Compare any two graphics cards:
GeForce 9800 GT 512MB vs GeForce GT 340
IntroThe GeForce 9800 GT 512MB features a clock speed of 600 MHz and a GDDR3 memory speed of 900 MHz. It also features a 256-bit bus, and uses a 65/55 nm design. It is comprised of 112 SPUs, 56 TAUs, and 16 Raster Operation Units.
Compare all that to the GeForce GT 340, which makes use of a 40 nm design. nVidia has set the core speed at 550 MHz. The GDDR5 memory is set to run at a frequency of 850 MHz on this particular model. It features 96 SPUs along with 32 TAUs and 8 Rasterization Operator Units.
Power Usage and Theoretical Benchmarks
Power Consumption (Max TDP)
The GeForce 9800 GT 512MB should in theory be just a bit faster than the GeForce GT 340 overall. (explain)
Texel RateThe GeForce 9800 GT 512MB will be a lot (approximately 91%) more effective at anisotropic filtering than the GeForce GT 340. (explain)
Pixel RateThe GeForce 9800 GT 512MB will be quite a bit (more or less 118%) better at FSAA than the GeForce GT 340, and able to handle higher resolutions more effectively. (explain)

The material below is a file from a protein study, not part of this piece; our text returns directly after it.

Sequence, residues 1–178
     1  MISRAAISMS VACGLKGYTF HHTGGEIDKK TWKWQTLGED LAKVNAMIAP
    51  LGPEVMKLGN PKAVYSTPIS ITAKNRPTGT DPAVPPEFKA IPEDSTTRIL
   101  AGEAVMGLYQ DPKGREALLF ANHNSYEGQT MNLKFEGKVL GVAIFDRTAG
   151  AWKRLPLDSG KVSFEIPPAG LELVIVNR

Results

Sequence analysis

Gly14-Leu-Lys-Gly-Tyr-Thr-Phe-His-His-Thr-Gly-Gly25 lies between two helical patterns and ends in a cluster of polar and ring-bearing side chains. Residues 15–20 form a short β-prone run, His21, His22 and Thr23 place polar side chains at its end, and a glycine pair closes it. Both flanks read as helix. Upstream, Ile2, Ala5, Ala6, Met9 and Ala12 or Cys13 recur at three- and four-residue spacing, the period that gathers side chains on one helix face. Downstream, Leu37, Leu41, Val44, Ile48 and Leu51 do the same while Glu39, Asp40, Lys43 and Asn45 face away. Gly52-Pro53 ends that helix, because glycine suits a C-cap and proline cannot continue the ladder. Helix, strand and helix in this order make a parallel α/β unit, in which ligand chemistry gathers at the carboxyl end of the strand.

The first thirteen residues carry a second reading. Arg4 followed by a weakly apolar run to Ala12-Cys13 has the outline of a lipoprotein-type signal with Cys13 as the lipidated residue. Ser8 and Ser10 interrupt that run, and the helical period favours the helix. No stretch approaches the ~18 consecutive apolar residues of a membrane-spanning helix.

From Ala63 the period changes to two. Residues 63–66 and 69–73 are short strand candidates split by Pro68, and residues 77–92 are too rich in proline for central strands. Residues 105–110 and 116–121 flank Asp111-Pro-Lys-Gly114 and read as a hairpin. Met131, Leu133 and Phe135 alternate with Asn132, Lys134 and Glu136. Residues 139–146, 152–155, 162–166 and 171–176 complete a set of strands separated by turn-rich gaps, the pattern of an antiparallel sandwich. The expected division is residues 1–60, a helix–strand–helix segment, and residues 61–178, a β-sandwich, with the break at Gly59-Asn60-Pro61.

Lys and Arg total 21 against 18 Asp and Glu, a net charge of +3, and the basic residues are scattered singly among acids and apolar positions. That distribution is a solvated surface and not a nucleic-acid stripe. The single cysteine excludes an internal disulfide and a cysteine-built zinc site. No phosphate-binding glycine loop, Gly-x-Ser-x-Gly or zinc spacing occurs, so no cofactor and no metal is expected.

Please note that the above 'benchmarks' are all just theoretical - the results were calculated based on the card's specifications, and real-world performance may (and probably will) vary at least a bit.
Please note that the price comparisons are based on search keywords - sometimes it might show cards with very similar names that are not exactly the same as the one chosen in the comparison. We do try to filter out the wrong results as best we can, though.
Memory Bandwidth: Memory bandwidth is the max amount of information (measured in MB per second) that can be transferred past the external memory interface within a second. It's worked out by multiplying the interface width by its memory speed. If it uses DDR memory, it must be multiplied by 2 again. If it uses DDR5, multiply by 4 instead. The better the card's memory bandwidth, the better the card will be in general. It especially helps with AA, HDR and higher screen resolutions.
Texel Rate: Texel rate is the maximum texture map elements (texels) that can be processed in one second. This number is worked out by multiplying the total number of texture units by the core speed of the chip. The higher this number, the better the graphics card will be at handling texture filtering (anisotropic filtering - AF). It is measured in millions of texels applied per second.
Pixel Rate: Pixel rate is the most pixels that the graphics card can possibly record to the local memory in a second - measured in millions of pixels per second. The figure is worked out by multiplying the number of ROPs by the the core clock speed. ROPs (Raster Operations Pipelines - also sometimes called Render Output Units) are responsible for filling the screen with pixels (the image). The actual pixel rate also depends on lots of other factors, especially the memory bandwidth of the card - the lower the bandwidth is, the lower the ability to get to the max fill rate.